It would be easy to categorize Carnival Row—the eight-episode Amazon Original series set to premiere on August 30th—as Amazon’s attempt to create a Game of Thrones-esque hit for their streaming platform. This categorization isn’t wrong, exactly—Amazon has clearly invested a large amount of money to make this a flagship show for them—but placing Carnival Row into only this bucket does the series a disservice.
Yes, the new series is like Game of Thrones in that it takes place in a darkly fantastical world full of geopolitical strife and unnatural evils; and yes, like a certain HBO show, Carnival Row, with its graphic deaths (and innumerable close-up shots of entrails), nudity and foul language, is definitely not suitable for children. These similarities, however, are superficial at best. Viewers will get a different experience here—a more intimate one that reveals Carnival Row’s magically effed-up world through a cadre of unique individuals with varying levels of social status.
Carnival Row is an Expansive, Darkly Rich World That is Grounded in the Personal Trials of Its Characters
The show’s focus on the seemingly innocuous ongoings of everyday life, however, doesn’t mean that the scope of Carnival Row isn’t expansive—the worldbuilding is impressive here, especially given that the series does not have volumes of original source material to depend on. In the first season, we see human-ruled republic of The Burgue, a magical noir version of Victorian London, as well as the magical fae continent of Anoun where, in the kingdom of Tirnanoc, a genocidal group called The Pact is killing off the faerie population.
The bulk of the first season, however, spends time in The Burgue and focuses on two characters: the soldier-turned-inspector Rycroft Philostrate (AKA “Philo,” AKA Orlando Bloom) and the faerie Vignette Stonemoss (Cara Delevingne). The two start the show as star-crossed lovers who find themselves back in each other’s lives on the streets of Carnival Row, the section of The Burgue where fae—magical creatures that range from faeries to pucks to centaurs—live as best they can in a city where humans look down on them as lesser-than and treat them as third-class citizens.
The show doesn’t just stay with Philo and Vignette, however; viewers also spend time with a slew of supporting characters, who range from Chancellor of The Burgue Absalom Breakspear (Jared Harris) to Tourmaline (Karla Crome), a faerie poet-turned-prostitute. The characters’ experiences and circumstances are just as varied, and while they at first seem so disparate, their lives become entangled in various ways as the season progresses. This interweaving of these characters’ lives and the rich, dark tapestry that it creates, is one of the first season’s strengths. And while some of the connections and the associated plot points are a bit more forced than others, especially in the last couple of episodes, the resolution at the end of the season creates enough closure (albeit with a few quibbles) to be satisfying while still leaving more than a few loose threads that could be pulled into new storylines for the show’s already-greenlit second season.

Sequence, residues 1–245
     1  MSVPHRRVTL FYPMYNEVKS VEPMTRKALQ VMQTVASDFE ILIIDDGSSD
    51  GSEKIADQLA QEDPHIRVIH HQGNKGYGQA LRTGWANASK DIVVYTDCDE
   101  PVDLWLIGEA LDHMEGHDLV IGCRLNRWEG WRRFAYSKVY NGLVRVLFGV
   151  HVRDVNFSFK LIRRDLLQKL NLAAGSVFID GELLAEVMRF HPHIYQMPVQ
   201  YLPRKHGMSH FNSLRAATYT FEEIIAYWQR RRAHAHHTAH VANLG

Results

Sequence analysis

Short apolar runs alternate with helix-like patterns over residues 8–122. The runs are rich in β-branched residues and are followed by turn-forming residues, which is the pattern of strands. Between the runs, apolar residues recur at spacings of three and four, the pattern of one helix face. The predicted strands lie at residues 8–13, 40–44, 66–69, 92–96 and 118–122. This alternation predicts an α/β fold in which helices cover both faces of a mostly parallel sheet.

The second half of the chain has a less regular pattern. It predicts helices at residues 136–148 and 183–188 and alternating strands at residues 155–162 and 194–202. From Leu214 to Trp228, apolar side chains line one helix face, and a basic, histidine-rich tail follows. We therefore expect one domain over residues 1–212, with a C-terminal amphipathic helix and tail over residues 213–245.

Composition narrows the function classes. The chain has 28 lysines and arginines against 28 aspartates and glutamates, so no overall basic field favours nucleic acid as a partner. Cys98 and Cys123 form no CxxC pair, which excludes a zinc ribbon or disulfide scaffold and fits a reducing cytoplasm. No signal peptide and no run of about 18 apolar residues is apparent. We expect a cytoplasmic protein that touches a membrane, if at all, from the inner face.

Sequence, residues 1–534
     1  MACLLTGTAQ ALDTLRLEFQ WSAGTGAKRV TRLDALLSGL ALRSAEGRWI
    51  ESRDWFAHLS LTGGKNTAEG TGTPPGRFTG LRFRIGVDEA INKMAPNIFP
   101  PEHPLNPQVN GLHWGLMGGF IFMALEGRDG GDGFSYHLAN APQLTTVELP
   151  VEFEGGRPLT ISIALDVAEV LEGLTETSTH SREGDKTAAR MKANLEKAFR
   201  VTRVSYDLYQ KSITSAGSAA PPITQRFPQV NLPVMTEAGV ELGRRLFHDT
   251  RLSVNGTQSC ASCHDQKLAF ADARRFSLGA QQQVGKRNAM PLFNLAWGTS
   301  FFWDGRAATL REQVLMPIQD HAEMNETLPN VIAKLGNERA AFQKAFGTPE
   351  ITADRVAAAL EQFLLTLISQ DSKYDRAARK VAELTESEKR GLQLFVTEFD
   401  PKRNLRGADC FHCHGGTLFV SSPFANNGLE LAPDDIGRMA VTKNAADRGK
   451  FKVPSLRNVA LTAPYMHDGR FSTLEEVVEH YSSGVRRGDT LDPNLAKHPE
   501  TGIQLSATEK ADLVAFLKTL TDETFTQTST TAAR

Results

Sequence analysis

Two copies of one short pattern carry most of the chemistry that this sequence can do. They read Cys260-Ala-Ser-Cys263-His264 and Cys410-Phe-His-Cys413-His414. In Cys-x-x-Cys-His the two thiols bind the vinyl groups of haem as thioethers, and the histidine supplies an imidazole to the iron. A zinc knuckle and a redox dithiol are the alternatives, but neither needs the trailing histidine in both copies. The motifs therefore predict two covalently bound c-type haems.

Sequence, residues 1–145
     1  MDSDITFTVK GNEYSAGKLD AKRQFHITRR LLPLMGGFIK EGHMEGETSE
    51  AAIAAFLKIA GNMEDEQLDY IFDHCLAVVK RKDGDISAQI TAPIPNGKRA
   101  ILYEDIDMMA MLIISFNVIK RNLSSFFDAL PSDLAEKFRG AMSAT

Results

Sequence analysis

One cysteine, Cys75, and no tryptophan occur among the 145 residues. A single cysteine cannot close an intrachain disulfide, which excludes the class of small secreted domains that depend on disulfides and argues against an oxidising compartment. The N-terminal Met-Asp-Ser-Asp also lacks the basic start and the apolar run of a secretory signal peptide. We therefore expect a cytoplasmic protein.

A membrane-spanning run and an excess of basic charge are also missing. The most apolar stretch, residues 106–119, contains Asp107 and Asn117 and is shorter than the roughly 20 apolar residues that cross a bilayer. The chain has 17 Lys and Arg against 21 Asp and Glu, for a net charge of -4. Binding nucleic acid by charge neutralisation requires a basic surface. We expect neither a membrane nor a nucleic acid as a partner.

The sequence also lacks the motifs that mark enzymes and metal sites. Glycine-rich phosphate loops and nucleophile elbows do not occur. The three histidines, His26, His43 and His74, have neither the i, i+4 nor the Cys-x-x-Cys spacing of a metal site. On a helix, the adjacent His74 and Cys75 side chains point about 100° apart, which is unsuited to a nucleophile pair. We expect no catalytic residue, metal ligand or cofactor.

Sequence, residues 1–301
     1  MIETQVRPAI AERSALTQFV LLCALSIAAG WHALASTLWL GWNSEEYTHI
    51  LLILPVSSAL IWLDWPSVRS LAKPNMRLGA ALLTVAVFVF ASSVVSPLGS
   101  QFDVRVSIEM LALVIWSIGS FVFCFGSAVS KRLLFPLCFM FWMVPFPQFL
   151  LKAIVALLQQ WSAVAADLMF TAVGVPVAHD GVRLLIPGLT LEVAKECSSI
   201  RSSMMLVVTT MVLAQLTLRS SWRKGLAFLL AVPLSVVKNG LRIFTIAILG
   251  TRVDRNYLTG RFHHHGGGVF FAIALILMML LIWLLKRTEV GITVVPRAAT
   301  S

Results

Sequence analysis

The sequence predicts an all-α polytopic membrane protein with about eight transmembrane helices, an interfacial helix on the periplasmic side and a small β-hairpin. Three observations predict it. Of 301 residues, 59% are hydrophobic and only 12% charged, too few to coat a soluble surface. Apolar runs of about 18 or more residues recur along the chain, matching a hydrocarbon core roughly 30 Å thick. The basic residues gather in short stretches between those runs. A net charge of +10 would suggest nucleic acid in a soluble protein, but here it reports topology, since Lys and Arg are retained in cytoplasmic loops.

A Fantasy World With Real-World Connotations
The machinations of all these characters have the potential to muddle and bog down the plot (refer to the beginning of this review of the name of a certain show that may have succumbed to that), but the first season clips along at a compelling pace, propelled by the ostensible Big Bad, the Dark Asher, an unnatural dark being haunting the sewers of The Burgue and killing fae and human alike. Inspector Philo is tasked with tracking down the monster, and the whodunit mystery surrounding the creature is enough to keep viewers hastily clicking for the next episode to play.
But The Dark Asher, its love of eviscerating people aside, is not the real evil of the show; the real Big Bad is bigotry, how people can dehumanize those who are different, and how that “othering” can lead to the loss of basic dignity and rights. This overarching theme is present in the first minutes of the series where persecuted faeries sail away from Tirnanoc to seek haven on The Burgue’s shores. The Burgue, however, is less than an ideal haven, with more than a few humans having racist and/or xenophobic feelings toward the refugees. This sentiment runs through every facet of life in The Burgue, from the corridors of Balefire Hall—the institution of political power in the republic—to the poverty-laden streets of the Row. The relevance of The Burgue’s strife to the real world is eerie, especially when you realize that the series is based on a film script creator Travis Beacham wrote over 15 years ago.
And while Carnival Row is very clear with this messaging, it serves to build up the characters, the world and the story instead of distracting from it. The world here, brought to life through the characters we spend time with, is a rich one, and one that will draw viewers in and have them eagerly waiting for the next season.
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